Jerom Theunissen Photography


January 9-10

City in Context

Delhi is the 2nd largest city in India and lies in the north of the country. Ever since independence of India in 1947, rapid economic growth attracted people to Delhi from proximate areas. In 2011, Delhi’s population was 16.7 million. As of 2016, metro Delhi’s population includes an additional 10 million residents, at 26.4 million. This massive figure makes the Indian capital the largest in terms of metropolitan population size. Accompanying this large population is one of India’s largest road networks, covering 2,103 kilometers per 100 km sq. The road network reaches all corners of the city, occupying a massive 21% of the city’s total area. Rapid adoption of the automobile has put a significant strain on the existing road network, despite the city having a low motorization rate of 85 vehicles per 1000 people. Nonetheless, recent years have seen the construction of new roads and flyovers to ease traffic congestion has spurred growth of private vehicles (to no avail).

In this setting, the attractiveness of buses has fallen over the years, as shown below. The future looks bleak as the 3.6 km Bus Rapid Transit System (BRTS) commissioned in 2008 was taken down in 2016 due to massive protest from neighboring areas and increases in congestion along the BRT corridor. A poor turn in public opinion led for calls to “scrap this trap.” However, it is critical to identify areas for dedicated bus corridors and make bus services more reliable, convenient, attractive and efficient by creating an accessible and extensive BRT system. I am looking forward to visiting Ahmedabad to learn how their BRT system became so successful in comparison to Delhi’s implementation.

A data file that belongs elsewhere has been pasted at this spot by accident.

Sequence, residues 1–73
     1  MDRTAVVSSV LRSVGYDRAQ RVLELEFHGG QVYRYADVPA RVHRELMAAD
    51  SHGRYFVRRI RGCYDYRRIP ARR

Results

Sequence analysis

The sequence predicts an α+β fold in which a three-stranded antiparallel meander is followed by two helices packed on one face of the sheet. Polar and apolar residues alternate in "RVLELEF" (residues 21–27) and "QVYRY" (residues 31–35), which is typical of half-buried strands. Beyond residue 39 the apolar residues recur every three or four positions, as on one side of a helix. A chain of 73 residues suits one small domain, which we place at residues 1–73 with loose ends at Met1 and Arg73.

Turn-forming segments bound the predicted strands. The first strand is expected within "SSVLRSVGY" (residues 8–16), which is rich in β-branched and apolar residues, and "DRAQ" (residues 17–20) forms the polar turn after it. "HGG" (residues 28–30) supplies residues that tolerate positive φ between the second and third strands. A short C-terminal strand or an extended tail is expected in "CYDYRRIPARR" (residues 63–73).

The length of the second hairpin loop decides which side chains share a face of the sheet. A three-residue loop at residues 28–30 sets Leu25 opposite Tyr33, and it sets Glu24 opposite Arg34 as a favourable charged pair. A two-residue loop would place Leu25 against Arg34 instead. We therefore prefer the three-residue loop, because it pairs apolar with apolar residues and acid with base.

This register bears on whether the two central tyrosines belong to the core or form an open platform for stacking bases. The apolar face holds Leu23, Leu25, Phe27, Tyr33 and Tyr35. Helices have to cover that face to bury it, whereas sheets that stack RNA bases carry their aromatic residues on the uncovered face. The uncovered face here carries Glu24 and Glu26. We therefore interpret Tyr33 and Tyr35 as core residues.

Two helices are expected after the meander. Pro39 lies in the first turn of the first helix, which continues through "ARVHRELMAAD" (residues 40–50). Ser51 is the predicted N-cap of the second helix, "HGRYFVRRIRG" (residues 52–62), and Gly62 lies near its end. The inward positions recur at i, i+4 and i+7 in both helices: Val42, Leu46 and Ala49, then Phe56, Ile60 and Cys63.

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Also a challenge is poor infrastructure for pedestrians and cycling. Amazingly, 35% of commuters walk to their destinations and 4% cycle. Unsafe and inadequate cycling-friendly infrastructure has led to many short trips being made on private vehicles. To keep the modal share favorable to non-motorized transport, it is crucial to invest in dedicated cycling lanes and pedestrian pathways in Delhi.

With these developments in mind, I wanted to visit Delhi to get an introduction to urban mobility paradigms in Indian cities. I had a short one day stay in the city before continuing on to Jaipur. Here are some links for further reading about Delhi that I found worthwhile:

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